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Budget

German cabinet approves debt-free 2015 budget

German cabinet ministers have approved a 2015 budget that gets by without any new borrowing, thus marking the nation's first balanced budget since the end of the 1960s, based on strong tax revenue.

Schäuble's German budget

German Chancellor Angela Merkel's grand coalition government on Wednesday approved the Finance Ministry's draft budget for next year.

It lives up to a pledge to do without any fresh borrowing in 2015, the first balanced budget in the country in almost half a century, after fresh loans of 6.5 billion euros ($8.89 billion) in the current fiscal year.

The government said it foresaw tax revenue rising from 268 billion euros to 278 billion euros next year, providing some leeway for badly needed investment in selected areas.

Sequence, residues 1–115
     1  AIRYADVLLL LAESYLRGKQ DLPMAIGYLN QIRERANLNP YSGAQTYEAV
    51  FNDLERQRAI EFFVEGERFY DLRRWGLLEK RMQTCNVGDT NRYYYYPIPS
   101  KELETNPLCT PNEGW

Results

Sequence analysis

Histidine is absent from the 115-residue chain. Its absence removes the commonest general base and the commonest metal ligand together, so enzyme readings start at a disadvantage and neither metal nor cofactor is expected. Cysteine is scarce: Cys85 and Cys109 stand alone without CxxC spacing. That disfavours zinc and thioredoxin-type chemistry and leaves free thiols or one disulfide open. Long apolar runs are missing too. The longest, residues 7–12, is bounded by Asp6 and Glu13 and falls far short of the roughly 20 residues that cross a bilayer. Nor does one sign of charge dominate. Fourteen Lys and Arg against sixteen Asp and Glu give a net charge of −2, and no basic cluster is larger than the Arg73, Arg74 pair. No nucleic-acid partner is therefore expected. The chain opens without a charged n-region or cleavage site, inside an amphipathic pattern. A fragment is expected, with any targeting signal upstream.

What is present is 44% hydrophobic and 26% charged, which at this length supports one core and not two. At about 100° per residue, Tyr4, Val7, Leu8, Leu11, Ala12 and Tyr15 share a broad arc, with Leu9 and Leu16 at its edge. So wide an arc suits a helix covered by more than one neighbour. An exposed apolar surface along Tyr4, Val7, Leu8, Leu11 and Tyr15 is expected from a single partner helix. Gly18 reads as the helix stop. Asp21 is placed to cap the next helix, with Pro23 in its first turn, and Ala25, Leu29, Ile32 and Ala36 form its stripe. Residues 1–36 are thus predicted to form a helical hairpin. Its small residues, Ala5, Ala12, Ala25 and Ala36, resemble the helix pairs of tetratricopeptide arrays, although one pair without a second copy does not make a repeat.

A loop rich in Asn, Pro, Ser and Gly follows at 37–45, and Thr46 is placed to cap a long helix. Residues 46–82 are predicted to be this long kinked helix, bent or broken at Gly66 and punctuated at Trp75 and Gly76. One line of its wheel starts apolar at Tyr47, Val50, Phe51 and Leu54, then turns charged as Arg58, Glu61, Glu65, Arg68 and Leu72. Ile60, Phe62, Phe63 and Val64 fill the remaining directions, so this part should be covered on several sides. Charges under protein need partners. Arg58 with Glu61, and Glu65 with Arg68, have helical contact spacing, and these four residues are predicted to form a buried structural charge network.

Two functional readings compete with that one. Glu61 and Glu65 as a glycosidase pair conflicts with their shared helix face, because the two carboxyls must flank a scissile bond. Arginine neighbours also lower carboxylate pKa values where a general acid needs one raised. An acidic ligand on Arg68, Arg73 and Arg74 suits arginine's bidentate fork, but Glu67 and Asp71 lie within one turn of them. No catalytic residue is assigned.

Berlin stated it would put more money in education, research and transport infrastructure, pushing up spending to almost 300 billion euros.

Squaring the circle?

"To consolidate the budget and at the same time take measures to crank up the economy is no contradiction in itself," the Finance Ministry said in a statement.

It mentioned that it would also have enough leeway to free up resources with a view to easing the financial pressures of communities and some of the nation's 16 states.

German tax revenue to increase

It's the government's long-term objective to decrease Gremany's overall debt load to 70 percent of gross domestic product by the end of 2017, down from 76 percent at present.

Opposition leaders had repeatedly accused Finance Minister Wolfgang Schäuble of basing the draft budget on a number of shaky assumptions, such as the persistence of record-low interest rates and a rise of growth-driven tax revenue.

hg/cjc (Reuters, AP, dpa)

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